Measures Needed to Reduce Prevalence and Cost

BMUS: Soft Tissue Sarcomas
 
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VIIIA.B.2.6
BMUS: Soft Tissue Sarcomas

Lead Author(s): 

William G. Ward SR, MD
Robert M. Corey, MD

Supporting Author(s): 

Sylvia I. Watkins-Castillo, PhD

The majority of sarcomas develop in people with no known risk factors: There is currently no known way to prevent these cases at this time. Whereas future developments in genomic research may allow genetic testing to identify persons with increased risk to develop soft tissue sarcomas, few such predictors are available at present. Reporting suspicious lumps and growths or unusual symptoms to a doctor, and appropriate evaluation of such abnormalities can help diagnose soft tissue cancer at an earlier stage. Treatment is thought to be more effective when detected early, as smaller-diameter sarcomas have been shown to have improved outcome compared to large sarcomas.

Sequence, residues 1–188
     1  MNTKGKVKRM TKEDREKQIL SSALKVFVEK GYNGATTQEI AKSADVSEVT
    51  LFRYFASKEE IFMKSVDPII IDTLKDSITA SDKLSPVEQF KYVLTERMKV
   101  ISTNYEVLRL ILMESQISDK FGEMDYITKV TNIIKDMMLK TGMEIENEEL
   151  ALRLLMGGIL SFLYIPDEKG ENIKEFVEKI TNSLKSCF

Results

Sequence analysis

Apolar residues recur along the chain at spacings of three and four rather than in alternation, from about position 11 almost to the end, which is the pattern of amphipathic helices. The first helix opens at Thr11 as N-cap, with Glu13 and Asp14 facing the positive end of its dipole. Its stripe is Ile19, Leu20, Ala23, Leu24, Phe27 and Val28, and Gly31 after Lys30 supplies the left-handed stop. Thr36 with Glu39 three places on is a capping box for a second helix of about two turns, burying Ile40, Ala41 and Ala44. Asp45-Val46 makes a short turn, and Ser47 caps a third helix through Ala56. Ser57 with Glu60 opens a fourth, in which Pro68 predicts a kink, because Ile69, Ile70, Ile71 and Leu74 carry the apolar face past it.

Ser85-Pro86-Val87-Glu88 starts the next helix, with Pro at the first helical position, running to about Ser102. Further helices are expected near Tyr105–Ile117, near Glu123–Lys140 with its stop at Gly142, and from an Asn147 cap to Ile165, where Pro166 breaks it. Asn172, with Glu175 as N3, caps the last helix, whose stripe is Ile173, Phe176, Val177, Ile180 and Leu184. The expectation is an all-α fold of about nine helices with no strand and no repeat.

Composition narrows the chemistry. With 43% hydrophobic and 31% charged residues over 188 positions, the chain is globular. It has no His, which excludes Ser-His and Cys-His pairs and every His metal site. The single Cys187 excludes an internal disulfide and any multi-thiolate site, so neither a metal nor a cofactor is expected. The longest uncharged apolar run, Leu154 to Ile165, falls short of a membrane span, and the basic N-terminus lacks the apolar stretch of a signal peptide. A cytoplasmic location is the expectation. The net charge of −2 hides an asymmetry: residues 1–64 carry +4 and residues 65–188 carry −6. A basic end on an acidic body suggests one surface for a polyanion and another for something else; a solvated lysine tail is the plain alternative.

Cancers occasionally spread or metastasize to the soft tissues, such as the muscles and deep tissues of the body, including the thigh and leg. The most likely cancers to do so are cancers of the lung and kidney. As such, this fact must always be borne in mind whenever physicians examine a patient presenting with a new mass in the leg, thigh, or other soft tissues, especially if they have a history of a prior lung or kidney cancer.

Edition: 

  • 2014

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